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We can all agree that recessions are inevitable phases of an economic cycle. While the timing of the next downturn is debatable, many CFOs are consulting with their leadership team about what will need to be in place and actions that need to be taken to properly shore up their organization for when the recession occurs. Russell Reynolds Associates surveyed 534 senior executives, including 179 CFOs, about this particular topic and found that only 6% believed they were well prepared to manage, while 74% of CFOs believe they have the right team in place. Only 3% of all CFOs said that their organization’s current team was well prepared for weathering an economic downturn, citing confidence issues due to “a lack of experience, agility, and ability to influence other parts of the business.”

Preparation and responses fall into the CFO-arena, as the organization turns to finance to “manage and recover from an economic crisis.” This critical function includes in-depth strategies across financial planning and analysis, commercial finance/data analytics, business/finance transformation, and treasury.

Organizations can financially maintain and thrive through the recession by looking to a “Frugal innovation” methodology. This holds the key to addressing limited resources and unpredictable revenue. In the long run, frugal innovation can facilitate a new way of thinking that helps organizations evolve and be better in touch with their internal processes, marketplace diversification, and social changes, and most importantly, their customer’s expectations.

Principles for Change

According to engineer and founder Dr. Yasser Bhatti, frugal innovation “discovers new business models, reconfigures value chains, and redesigns products to serve users who face extreme affordability constraints, in a scalable and sustainable manner. It involves either overcoming or tapping institutional voids and resource constraints to create more inclusive markets.”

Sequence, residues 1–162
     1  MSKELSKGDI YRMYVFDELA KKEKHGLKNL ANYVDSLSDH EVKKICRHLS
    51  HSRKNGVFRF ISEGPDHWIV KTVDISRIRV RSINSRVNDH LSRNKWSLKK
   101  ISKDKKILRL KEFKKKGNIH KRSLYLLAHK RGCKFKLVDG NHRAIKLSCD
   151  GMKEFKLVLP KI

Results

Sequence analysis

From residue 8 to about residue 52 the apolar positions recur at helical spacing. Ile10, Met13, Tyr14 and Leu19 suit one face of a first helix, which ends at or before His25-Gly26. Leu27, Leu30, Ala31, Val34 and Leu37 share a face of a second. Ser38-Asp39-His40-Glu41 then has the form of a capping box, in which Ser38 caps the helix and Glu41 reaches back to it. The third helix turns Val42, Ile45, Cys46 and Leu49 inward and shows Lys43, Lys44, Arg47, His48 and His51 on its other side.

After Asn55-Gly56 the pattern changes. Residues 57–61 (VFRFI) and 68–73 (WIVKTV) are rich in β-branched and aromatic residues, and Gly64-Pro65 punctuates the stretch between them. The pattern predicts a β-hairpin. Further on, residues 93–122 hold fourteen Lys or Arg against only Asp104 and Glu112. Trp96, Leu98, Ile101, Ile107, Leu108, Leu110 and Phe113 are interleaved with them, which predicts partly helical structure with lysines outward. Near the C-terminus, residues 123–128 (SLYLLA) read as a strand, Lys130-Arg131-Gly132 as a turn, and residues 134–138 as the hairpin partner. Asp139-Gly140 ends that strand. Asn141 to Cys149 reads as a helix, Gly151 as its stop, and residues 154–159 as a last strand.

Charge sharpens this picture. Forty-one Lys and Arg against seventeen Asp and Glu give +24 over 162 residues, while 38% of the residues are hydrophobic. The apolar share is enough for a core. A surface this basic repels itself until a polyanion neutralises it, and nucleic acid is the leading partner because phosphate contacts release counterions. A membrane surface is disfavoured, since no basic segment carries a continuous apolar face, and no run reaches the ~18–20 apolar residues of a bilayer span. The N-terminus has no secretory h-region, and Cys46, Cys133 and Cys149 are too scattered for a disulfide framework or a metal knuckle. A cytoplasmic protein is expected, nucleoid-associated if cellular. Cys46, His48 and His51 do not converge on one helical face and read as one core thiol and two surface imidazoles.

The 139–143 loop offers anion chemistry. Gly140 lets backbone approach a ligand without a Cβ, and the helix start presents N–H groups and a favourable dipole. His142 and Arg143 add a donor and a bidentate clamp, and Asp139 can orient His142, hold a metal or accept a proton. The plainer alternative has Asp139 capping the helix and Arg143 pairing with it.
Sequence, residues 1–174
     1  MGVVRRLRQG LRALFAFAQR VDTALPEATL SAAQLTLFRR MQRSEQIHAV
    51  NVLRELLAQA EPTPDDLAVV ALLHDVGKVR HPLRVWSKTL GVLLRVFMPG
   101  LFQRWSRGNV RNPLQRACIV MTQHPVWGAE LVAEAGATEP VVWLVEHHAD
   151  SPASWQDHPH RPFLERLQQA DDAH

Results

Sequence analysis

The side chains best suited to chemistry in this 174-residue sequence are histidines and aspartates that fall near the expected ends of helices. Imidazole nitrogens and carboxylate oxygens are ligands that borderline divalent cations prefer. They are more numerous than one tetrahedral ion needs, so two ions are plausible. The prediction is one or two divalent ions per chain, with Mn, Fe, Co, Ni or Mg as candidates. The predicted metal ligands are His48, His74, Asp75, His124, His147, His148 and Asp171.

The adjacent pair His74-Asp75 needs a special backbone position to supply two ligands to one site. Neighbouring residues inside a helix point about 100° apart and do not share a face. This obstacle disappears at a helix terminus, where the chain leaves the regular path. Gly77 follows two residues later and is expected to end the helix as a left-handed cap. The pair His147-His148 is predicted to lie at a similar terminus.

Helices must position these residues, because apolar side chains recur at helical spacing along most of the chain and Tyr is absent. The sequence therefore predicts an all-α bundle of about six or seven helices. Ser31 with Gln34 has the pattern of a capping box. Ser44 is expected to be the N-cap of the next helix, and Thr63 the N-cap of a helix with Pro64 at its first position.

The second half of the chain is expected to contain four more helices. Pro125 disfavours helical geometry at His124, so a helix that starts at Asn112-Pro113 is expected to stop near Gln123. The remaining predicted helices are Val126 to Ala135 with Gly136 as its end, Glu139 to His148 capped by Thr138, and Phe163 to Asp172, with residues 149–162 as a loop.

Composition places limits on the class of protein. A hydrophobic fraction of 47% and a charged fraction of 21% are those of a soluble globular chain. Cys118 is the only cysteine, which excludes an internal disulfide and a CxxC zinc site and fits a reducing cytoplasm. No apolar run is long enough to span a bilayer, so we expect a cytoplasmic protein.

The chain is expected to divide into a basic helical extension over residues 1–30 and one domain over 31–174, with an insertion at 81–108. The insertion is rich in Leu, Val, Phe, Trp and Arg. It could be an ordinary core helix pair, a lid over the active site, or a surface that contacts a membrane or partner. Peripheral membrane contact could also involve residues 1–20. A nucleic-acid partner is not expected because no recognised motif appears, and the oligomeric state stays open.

This type of innovation offers an approach to designing highly functional solutions to common problems and facilitating internal and external preparation. Frugal innovation solutions that pop up when organizations are faced with adversity are composed of practical features, optimization, and affordability. “Frugal innovation is not simply about making do; it’s about making things better,” writes Navi Radjou in “The genius of frugal innovation.”

Frugal innovation bypasses complex, overthought solutions for simple and accessible solutions. Teams should focus on a product/service to address employee and/or customers’ quintessential needs, first and foremost. Over time, the product/service can be refined and upgraded as needed and as resources become available. This provides a foundation for satisfaction within and outside of the organization.

Frugal innovation optimizes resources and solutions that are pertinent and already created. These innovations take into consideration what resources are present, working creatively around scarcity, lack of capital and capabilities by leveraging information, knowledge, and abundance. Radjou also suggests a workaround, such as borrowing proven technologies in one sector and adapting them to make new products for the organization’s industry.

Frugal innovation “thinks and acts horizontally,” favoring smaller manufacturing and distribution units across a wider radius rather than scaling up centralized distribution centers, says Radjou. Centralized distribution centers further strain short- and long-term affordability, especially during the recession when the economy is faced with greater capital challenges. Costs must be minimized as much as possible.

Organizations can look to creative entrepreneurs, family businesses and social movements for inspiration, as groups around the world have already found ways to thrive despite economic and environmental limitations. This involves an open and distributed process rather than the previous norm of closed, hierarchical silos typically found throughout enterprises and institutions.

By embracing a frugal innovation mindset — becoming more resourceful, orchestrating horizontal supply chains, and taking a simple design approach — organizations will be better prepared for weathering the full cycle of economic prosperity and recession, and in the process, become much more savvy about the changing climate of world economics and expectations.